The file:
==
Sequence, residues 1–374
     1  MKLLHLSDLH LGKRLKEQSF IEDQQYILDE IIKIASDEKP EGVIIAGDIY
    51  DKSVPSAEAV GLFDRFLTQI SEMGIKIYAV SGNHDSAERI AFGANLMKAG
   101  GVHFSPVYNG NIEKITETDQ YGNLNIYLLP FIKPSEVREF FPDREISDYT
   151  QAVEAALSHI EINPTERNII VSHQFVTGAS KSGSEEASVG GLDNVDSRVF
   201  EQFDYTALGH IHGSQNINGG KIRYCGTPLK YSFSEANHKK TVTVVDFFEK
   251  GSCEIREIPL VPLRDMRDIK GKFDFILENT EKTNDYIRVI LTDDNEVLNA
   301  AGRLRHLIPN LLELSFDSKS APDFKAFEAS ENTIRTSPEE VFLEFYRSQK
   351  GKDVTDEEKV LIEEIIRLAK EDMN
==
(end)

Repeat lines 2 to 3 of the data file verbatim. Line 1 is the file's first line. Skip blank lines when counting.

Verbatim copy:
     1  MKLLHLSDLH LGKRLKEQSF IEDQQYILDE IIKIASDEKP EGVIIAGDIY
    51  DKSVPSAEAV GLFDRFLTQI SEMGIKIYAV SGNHDSAERI AFGANLMKAG